When the first round rolls around, it’s a good idea to take stock of what you’re getting into.
That way, you’ll know how good the prospects will be once the draft rolls around and the league takes them in.
But how can you know when to take a risk and when to wait?
I’ve compiled a list of five common mistakes you can make when it comes to the NFL draft.1.
Expectations are too high.
I know, I know.
This is a cliché.
The best players in the world are going to be the ones you get to watch.
But when you have no idea what the NFL is about, it can be a bit overwhelming.
It’s not just the talent that can be so hard to predict.
The NFL is so fluid that it’s hard to know which players will be the most successful.
There are plenty of teams that will go for a player like Jadeveon Clowney, but you’ll never be able to tell if that team will have success or not.
And even though you can get a sense of the draft class with the way teams are choosing their top picks, the reality is you still have to look at a lot of different things to know what to expect.2.
You should pick at least one player who fits your expectations.
This means you should be prepared to take on some of the biggest names in the draft.
There’s a lot to like about Clowney and he’s a very smart player.
The Texans will go with a quarterback with a lot going for him.
But they’ll probably be looking for someone who can make plays for them on the outside, something they don’t have in the first three rounds.
You want someone who has a big arm and good athleticism.3.
You need to be realistic.
We’re talking about a draft class that’s going to have some big names, but there are a lot more of them than there are top tier prospects.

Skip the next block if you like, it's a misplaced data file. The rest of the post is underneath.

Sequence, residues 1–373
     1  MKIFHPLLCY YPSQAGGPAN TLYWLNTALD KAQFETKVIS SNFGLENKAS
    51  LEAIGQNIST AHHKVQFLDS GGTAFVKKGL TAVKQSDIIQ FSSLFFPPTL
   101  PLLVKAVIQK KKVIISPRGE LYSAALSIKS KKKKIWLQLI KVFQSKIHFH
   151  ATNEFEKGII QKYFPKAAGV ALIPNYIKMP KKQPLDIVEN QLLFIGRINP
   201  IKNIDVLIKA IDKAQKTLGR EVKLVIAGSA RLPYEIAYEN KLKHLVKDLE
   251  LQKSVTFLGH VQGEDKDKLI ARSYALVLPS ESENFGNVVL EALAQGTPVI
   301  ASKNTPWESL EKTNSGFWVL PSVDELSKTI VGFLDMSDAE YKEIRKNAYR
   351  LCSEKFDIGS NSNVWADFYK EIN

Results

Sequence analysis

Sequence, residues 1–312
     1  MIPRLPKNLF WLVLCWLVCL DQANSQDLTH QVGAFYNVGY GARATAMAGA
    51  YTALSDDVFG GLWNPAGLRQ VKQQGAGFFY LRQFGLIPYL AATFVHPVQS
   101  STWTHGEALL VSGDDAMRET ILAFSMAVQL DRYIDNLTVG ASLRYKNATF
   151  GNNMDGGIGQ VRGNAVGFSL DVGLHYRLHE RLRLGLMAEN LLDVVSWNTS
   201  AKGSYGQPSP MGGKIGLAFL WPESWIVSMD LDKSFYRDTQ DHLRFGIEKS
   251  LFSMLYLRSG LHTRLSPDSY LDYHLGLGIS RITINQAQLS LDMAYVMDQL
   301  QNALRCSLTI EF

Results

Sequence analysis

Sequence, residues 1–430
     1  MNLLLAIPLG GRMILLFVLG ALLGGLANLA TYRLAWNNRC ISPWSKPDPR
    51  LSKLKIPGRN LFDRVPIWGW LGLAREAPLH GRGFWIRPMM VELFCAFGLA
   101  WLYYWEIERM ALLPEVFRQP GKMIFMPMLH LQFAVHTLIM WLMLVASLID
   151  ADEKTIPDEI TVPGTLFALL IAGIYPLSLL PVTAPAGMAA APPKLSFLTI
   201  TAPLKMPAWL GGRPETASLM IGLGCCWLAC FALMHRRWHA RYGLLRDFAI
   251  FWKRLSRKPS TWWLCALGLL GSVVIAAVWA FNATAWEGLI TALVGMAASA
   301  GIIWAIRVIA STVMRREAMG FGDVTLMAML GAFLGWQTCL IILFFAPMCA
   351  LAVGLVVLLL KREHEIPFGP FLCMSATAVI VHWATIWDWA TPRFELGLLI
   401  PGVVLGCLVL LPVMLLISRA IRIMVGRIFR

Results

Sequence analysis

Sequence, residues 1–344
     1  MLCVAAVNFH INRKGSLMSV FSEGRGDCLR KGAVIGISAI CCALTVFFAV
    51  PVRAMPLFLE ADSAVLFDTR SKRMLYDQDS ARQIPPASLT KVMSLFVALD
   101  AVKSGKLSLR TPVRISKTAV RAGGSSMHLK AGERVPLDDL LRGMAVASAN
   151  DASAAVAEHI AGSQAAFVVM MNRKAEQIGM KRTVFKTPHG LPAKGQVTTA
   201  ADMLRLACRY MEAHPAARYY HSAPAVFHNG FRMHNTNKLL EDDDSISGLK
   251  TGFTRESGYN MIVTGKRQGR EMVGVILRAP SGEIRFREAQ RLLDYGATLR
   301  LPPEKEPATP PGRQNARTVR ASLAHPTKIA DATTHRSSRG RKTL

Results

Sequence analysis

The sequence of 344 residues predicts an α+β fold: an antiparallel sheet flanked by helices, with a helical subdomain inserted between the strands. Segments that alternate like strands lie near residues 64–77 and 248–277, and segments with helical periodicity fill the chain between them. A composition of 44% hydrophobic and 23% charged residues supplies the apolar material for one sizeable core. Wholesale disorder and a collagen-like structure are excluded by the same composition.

This draft class has a lot in common with the ones we saw last year: The wide receiver position is deep and talented.
There will be a lot at the position, but it’s not a very deep group.
There’ll be a number of players who can take advantage of the wide receiver class.
There should also be a few who aren’t quite there yet.
But as a whole, you don’t want to overthink the position.
You don’t need to go out and pick a player who you think is the next Odell Beckham Jr. or DeAndre Hopkins.
That’s a little unrealistic.
It also won’t make your picks any more accurate.4.
Pick one player based on how good he is as a player.
If a player’s upside is a big question mark, you should go with the guy who can give you that answer.
If you’re looking for a pass-rusher who can bring a ton of power and knock down big hits, you might want to take that player over a linebacker.
That player is going to need to play on special teams, but he’s also going to get a lot out of being a third-down linebacker.5.
You can’t pick too early.
You know that there’s a chance a player you drafted will turn out to be a bust.
But there are still some teams that have an excellent crop of talent that could help them win.
If your pick is someone who looks like he’ll fall somewhere in the middle, then you should consider taking him in the second round.
You’re not going to know how the player is doing until you watch him play.
You’ll also have to evaluate him against the players you drafted before him.
If he’s struggling early on, it could mean he won’t have a chance to stick.
If that happens, you’re not taking a risk.
If it’s the opposite, you can still get a good feel for how a player is progressing, so you’ll be able better prepare for the future.6.
Don’t pick players based on their position.
This isn’t to say you can’t get an idea of how a certain player is playing if you look at him as a pass rusher or linebacker.
But you can also do that with a wide receiver.
For instance, the Saints have a great group of receivers.
The one who really stands out in the class is Victor Cruz, a wideout who can play in the slot.
If Cruz isn’t as productive as some of his peers, he’ll still be a valuable piece for the Saints, but his skill set isn’t going to carry over to the next level.
The same is true for linebackers, who are usually a combination of speed and strength.
The difference between these two types of players is that speed is more important in the NFL, but strength is more valuable.
So while Cruz is a nice player, he’s not going the same route as a linebacker who’s a natural pass-rushing specialist.
If the Saints are drafting a pass linebacker, you shouldn’t